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Learn Mem. 2017 Feb 15;24(3):104-114. doi: 10.1101/lm.044032.116. Print 2017 Mar.

Recollection-dependent memory for event duration in large-scale spatial navigation.

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Department of Psychology, University of Toronto, Toronto, Ontario M5S 3G3, Canada.
Rotman Research Institute at Baycrest, Toronto, Ontario M6A 2E1, Canada.
Department of Psychology, State University of New York at Geneseo, Geneseo, New York 14454, USA.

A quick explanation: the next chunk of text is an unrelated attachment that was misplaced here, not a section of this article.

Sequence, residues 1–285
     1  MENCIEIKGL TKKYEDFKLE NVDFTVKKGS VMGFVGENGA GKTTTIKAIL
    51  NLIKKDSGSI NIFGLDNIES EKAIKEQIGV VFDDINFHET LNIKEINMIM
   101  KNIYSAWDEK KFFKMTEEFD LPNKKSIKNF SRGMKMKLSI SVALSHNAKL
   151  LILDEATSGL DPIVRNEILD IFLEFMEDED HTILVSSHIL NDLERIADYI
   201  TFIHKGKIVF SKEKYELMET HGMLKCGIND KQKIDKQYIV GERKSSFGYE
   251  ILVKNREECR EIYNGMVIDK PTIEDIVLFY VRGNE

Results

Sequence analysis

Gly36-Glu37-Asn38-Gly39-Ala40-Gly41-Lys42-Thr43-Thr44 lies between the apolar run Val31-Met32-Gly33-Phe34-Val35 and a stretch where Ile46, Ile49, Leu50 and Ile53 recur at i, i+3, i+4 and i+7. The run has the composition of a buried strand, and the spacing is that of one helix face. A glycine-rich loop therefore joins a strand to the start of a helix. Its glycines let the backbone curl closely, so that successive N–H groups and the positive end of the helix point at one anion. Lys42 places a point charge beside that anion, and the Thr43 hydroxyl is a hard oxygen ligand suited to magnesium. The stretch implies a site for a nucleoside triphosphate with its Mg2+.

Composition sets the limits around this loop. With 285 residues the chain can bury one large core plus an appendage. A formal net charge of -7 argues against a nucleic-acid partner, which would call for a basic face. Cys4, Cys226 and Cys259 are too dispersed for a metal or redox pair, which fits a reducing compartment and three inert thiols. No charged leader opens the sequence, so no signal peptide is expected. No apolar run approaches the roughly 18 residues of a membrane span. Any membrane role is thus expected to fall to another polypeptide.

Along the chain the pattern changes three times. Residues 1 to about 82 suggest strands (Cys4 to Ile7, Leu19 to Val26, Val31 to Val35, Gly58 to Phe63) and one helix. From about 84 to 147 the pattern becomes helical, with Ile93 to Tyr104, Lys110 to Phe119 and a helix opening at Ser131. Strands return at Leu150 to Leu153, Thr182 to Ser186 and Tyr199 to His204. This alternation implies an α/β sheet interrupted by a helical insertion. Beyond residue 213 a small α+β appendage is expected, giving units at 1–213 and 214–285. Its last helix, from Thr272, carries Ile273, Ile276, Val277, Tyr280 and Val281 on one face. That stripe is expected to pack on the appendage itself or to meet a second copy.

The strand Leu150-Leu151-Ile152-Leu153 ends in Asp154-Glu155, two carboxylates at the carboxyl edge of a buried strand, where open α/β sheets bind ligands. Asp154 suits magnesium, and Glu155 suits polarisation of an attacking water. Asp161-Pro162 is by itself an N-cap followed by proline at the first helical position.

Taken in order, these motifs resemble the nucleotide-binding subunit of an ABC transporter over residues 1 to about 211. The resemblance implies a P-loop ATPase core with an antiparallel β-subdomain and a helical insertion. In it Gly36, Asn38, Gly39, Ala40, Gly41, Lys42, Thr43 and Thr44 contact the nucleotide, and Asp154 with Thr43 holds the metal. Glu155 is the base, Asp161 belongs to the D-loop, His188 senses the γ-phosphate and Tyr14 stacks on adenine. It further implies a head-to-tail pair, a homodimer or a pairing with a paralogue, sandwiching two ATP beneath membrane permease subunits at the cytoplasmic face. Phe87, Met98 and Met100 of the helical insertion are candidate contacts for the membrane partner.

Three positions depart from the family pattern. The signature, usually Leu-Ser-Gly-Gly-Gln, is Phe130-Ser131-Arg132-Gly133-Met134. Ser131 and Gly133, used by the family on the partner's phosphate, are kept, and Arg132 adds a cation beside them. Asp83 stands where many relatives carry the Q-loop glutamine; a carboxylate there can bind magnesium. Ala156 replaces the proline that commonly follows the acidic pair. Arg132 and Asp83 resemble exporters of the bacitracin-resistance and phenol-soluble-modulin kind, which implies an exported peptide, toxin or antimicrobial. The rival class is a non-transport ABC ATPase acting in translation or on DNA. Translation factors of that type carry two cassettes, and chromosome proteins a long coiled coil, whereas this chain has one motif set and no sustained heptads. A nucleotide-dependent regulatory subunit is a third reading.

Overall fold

Time and space represent two key aspects of episodic memories, forming the spatiotemporal context of events in a sequence. Little is known, however, about how temporal information, such as the duration and the order of particular events, are encoded into memory, and if it matters whether the memory representation is based on recollection or familiarity. To investigate this issue, we used a real world virtual reality navigation paradigm where periods of navigation were interspersed with pauses of different durations. Crucially, participants were able to reliably distinguish the durations of events that were subjectively "reexperienced" (i.e., recollected), but not of those that were familiar. This effect was not found in temporal order (ordinal) judgments. We also show that the active experience of the passage of time (holding down a key while waiting) moderately enhanced duration memory accuracy. Memory for event duration, therefore, appears to rely on the hippocampally supported ability to recollect or reexperience an event enabling the reinstatement of both its duration and its spatial context, to distinguish it from other events in a sequence. In contrast, ordinal memory appears to rely on familiarity and recollection to a similar extent.

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